I was surprised to read in a July 18 article a Democratic activist quoted as saying that, “Specter says [to the Jewish community], ‘I’m Jewish. Vote for me’” (“Specter Squeezed from Left, Right”).
I have never and would never take such a presumptuous position. With some familiarity with the Jewish vote to put it mildly, I have sought the Jewish vote and, for that matter, support from all voters, on the basis of my record and positions on important public issues.
The article further questions my position on Syria and inaccurately says I oppose the Koby Mandell Act, which is untrue. On my frequent trips to Israel, I have also visited Syria and gotten to know President Bashar al-Assad and his father who preceded him.
My rapport with Syrian leaders may have had some effect on the negotiations which President Clinton almost successfully brokered between Prime Minister Yitzhak Rabin and President Hafez al-Assad in 1995, as did my passing messages between Prime Minister Benjamin Netanyahu and the elder Assad in 1996 when the two nations were moving to a confrontation.
Working with Rep. Steve Solarz during the mid-1980s, Jewish women were allowed to leave Syria and many others in the Jewish community were permitted to emigrate. I continue to carry messages and inquiries on Israeli soldiers to key Syrian officials.
I agree with President Bush, who has been stalwart in promoting the Middle East peace process, that prospects for progress are better now without pressing the Syrian Accountability Act. It is insulting to suggest that I would hesitate to sponsor any legislation or action which I felt would promote Syrian and Israeli interests.
I reject a knee-jerk reaction to show how tough I am against any of Israeli’s political foes. Instead, I have studied the issues and talked to leaders in virtually every country in the Middle East in order to thoughtfully assess what can be done to promote peace in the region.
When the Democrats say, as noted in the article, that I will lose the Jewish vote because I am “voting in lockstep with George Bush,” they are wrong on the facts. Earlier this month, I opposed the president on the voucher issue because of my stated concerns on church-state separation. When that issue came before the Appropriations Committee, the vote was 14-14 before I cast the deciding vote.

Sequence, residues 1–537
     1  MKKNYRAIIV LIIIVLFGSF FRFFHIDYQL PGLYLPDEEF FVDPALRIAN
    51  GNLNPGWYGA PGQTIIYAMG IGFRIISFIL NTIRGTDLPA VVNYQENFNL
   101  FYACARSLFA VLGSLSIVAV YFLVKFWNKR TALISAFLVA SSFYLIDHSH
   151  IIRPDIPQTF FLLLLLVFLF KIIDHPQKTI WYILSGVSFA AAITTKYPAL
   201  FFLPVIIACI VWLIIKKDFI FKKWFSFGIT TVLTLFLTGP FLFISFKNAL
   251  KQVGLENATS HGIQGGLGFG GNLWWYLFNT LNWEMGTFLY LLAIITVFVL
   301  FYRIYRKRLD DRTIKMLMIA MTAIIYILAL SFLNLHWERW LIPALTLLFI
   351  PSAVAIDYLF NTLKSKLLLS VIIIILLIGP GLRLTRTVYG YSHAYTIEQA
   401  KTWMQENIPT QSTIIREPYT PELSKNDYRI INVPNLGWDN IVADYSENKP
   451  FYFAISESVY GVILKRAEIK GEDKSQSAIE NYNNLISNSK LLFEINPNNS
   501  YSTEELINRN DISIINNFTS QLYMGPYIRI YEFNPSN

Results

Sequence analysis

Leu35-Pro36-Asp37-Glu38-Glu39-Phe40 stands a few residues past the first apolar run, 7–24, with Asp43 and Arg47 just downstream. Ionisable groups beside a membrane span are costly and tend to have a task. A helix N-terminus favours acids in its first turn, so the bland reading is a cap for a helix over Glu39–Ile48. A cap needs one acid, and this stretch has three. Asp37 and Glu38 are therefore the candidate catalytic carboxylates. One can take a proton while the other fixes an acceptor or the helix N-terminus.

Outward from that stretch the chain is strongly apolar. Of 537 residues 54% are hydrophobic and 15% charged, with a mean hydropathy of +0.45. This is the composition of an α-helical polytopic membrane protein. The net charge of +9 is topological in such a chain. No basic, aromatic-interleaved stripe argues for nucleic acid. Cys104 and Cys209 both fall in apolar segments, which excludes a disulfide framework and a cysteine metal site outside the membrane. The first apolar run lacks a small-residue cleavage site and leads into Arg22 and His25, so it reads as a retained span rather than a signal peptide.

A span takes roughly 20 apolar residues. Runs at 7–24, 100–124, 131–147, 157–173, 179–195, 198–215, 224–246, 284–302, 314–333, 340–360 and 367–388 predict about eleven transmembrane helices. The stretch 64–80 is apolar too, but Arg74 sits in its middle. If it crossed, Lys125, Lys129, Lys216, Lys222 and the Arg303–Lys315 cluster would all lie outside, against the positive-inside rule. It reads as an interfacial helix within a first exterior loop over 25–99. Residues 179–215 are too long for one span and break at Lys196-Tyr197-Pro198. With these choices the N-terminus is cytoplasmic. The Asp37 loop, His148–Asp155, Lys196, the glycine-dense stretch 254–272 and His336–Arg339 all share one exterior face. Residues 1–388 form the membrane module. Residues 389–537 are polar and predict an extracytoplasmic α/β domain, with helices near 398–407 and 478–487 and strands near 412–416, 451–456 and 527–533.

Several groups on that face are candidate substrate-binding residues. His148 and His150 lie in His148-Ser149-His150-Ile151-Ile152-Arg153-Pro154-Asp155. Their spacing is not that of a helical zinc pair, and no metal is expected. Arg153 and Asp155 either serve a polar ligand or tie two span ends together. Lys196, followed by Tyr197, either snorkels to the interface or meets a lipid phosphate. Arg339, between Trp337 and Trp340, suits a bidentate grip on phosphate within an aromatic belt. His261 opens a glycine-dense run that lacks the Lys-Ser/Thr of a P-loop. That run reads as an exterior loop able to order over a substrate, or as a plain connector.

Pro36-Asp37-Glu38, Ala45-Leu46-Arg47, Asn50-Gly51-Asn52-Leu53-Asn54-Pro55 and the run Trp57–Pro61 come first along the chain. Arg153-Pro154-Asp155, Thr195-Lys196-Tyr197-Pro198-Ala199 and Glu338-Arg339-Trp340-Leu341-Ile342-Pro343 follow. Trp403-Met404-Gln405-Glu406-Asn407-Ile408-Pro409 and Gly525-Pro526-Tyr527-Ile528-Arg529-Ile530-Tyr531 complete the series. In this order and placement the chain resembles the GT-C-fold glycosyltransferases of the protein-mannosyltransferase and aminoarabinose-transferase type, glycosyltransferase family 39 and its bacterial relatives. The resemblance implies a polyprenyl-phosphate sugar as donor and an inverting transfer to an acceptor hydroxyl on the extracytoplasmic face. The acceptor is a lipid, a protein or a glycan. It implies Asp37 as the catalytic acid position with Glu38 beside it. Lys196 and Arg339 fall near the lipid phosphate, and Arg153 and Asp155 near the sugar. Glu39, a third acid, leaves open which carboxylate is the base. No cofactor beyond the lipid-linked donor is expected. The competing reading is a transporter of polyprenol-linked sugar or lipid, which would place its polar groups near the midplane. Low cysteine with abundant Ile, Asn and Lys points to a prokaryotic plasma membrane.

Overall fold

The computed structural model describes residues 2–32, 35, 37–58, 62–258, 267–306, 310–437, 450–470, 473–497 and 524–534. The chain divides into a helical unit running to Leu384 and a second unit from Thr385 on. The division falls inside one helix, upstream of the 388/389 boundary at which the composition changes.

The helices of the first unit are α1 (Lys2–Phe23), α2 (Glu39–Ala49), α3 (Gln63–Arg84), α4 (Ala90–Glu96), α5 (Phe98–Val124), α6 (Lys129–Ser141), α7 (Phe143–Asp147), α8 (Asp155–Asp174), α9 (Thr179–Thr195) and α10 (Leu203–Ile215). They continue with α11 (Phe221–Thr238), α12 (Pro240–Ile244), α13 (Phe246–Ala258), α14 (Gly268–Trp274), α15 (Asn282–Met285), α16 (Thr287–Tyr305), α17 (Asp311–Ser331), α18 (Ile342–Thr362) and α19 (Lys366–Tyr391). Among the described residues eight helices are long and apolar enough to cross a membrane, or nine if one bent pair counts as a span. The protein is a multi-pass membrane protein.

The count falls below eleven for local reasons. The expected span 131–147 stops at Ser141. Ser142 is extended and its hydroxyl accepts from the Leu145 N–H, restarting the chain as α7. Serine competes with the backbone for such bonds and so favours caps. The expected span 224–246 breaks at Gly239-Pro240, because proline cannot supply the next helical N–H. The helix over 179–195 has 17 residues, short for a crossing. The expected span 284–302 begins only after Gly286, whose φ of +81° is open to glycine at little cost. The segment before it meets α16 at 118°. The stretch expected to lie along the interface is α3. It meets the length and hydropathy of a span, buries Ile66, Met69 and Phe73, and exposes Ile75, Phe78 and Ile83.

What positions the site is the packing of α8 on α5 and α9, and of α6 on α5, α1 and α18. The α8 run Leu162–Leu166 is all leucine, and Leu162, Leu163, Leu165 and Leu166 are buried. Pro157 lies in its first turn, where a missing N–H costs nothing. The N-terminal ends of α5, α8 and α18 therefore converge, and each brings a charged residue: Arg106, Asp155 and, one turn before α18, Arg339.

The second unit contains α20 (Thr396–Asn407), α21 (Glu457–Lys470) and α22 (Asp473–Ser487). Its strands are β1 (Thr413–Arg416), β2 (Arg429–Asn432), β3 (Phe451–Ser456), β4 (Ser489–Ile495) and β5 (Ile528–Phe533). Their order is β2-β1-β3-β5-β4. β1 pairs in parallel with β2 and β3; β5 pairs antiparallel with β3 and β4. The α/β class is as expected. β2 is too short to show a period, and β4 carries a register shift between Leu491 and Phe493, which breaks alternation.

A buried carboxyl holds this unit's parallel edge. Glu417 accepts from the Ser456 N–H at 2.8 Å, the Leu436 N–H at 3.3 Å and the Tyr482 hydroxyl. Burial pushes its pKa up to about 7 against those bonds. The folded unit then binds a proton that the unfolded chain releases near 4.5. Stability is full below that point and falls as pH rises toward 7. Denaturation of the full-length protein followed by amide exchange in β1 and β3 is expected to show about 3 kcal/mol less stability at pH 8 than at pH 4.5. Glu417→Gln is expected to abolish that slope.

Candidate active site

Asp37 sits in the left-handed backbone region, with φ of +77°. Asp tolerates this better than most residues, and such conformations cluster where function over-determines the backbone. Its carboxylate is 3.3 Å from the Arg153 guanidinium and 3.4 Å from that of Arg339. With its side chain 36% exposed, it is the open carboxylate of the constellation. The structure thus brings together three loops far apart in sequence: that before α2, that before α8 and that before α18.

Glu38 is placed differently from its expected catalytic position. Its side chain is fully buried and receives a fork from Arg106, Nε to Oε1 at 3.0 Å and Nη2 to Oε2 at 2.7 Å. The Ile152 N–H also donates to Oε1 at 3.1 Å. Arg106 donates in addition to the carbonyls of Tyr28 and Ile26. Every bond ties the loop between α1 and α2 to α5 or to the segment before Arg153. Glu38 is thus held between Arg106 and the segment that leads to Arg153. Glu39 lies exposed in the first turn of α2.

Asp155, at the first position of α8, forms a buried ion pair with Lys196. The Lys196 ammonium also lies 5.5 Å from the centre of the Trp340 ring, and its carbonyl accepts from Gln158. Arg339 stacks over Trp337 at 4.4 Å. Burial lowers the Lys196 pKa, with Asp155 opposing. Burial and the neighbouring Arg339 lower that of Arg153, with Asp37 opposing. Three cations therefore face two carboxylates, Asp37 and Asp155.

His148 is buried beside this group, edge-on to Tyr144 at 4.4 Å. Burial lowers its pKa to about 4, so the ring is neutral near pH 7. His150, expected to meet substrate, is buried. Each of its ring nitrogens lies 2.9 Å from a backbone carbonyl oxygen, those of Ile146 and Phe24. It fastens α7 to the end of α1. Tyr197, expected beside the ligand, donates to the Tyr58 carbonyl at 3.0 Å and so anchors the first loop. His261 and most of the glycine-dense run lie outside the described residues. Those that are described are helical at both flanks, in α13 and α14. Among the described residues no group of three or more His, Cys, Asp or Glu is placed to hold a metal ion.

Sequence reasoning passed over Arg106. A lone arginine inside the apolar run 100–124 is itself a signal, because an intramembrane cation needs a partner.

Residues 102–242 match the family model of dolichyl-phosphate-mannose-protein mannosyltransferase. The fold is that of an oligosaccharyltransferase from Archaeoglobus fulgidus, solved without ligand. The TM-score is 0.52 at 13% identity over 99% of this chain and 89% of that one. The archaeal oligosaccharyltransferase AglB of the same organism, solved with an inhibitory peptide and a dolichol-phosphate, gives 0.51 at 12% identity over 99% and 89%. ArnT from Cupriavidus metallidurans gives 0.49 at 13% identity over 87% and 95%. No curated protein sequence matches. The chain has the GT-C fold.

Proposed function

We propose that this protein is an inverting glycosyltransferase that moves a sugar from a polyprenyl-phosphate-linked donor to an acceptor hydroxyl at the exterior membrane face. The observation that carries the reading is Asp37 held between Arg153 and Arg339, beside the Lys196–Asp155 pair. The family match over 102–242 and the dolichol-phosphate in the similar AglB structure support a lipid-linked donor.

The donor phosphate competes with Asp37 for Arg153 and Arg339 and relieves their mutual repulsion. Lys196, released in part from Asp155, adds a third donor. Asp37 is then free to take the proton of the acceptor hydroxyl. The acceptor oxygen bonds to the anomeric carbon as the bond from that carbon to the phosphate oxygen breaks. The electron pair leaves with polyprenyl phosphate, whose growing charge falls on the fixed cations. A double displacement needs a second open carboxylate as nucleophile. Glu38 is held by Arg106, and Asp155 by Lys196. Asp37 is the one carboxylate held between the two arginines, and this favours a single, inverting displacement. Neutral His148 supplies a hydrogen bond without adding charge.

Regrettably, the Senate is polarized with almost all votes being cast along strict party lines, except for a very few in the center. Similarly, the vote on the federal judicial nomination of William Pryor was 9-9 in committee until I voted. I agreed to send his name to the floor because the Constitution calls for “consent” by the Senate and not the Judiciary Committee.
On the issue of judicial nominees, I have not hesitated to vote against nominees of Republican presidents where warranted. I had no hesitancy to oppose Judge Robert Bork when I was convinced he was far outside the constitutional continuum or mainstream because his insistence on “original intent” presented a real threat to constitutional construction representing the consensus values of our society. For example, Bork’s narrow view of “due process” so that it did not include “equal protection” left no rationale for eliminating segregation in the District of Columbia schools.
When the Forward reports that I have “voted to confirm all of Bush’s controversial pro-life picks,” again, that is wrong on the facts. In voting to send Pryor, Arkansas nominee Leon Holmes and California nominee Carolyn Kuhl to the floor, I specifically reserved my final decision until action by the full Senate.
The Forward further quotes a “Pennsylvania Jewish communal leader,” speaking on condition of anonymity, as noting that in my office I display a picture of myself with the late elder Assad. That’s true. That picture hangs along with dozens of other photos, including those of Israeli prime ministers Yitzhak Shamir, Rabin, Peres, Netanyahu, Ehud Barak and Ariel Sharon. That anonymous critic, like the Forward article in general, misses the larger picture.
Senator Arlen Specter
Republican of Pennsylvania
God bless Phyllis Chesler for her gutsy, clear-eyed perceptions concerning the resurgent and frightening antisemitism, especially among those who should know better, the so-called progressives (“Waking Up the World to a Resurgence of Antisemitism,” July 25).
I speak as an old Leftie: born to Russian immigrant parents who idolized President Franklin D. Roosevelt, attended Workman’s Circle Camp as kid, deemed a “security risk” during the McCarthy days. I literally took my lumps as a “ pinko, commie Jew-boy,” so I think that I have paid my dues as a progressive. But the present crowd of anti-Zionist radicals has driven me away from the herd. I guess I am a “Zionist Progressive,” if that is now not an oxymoron.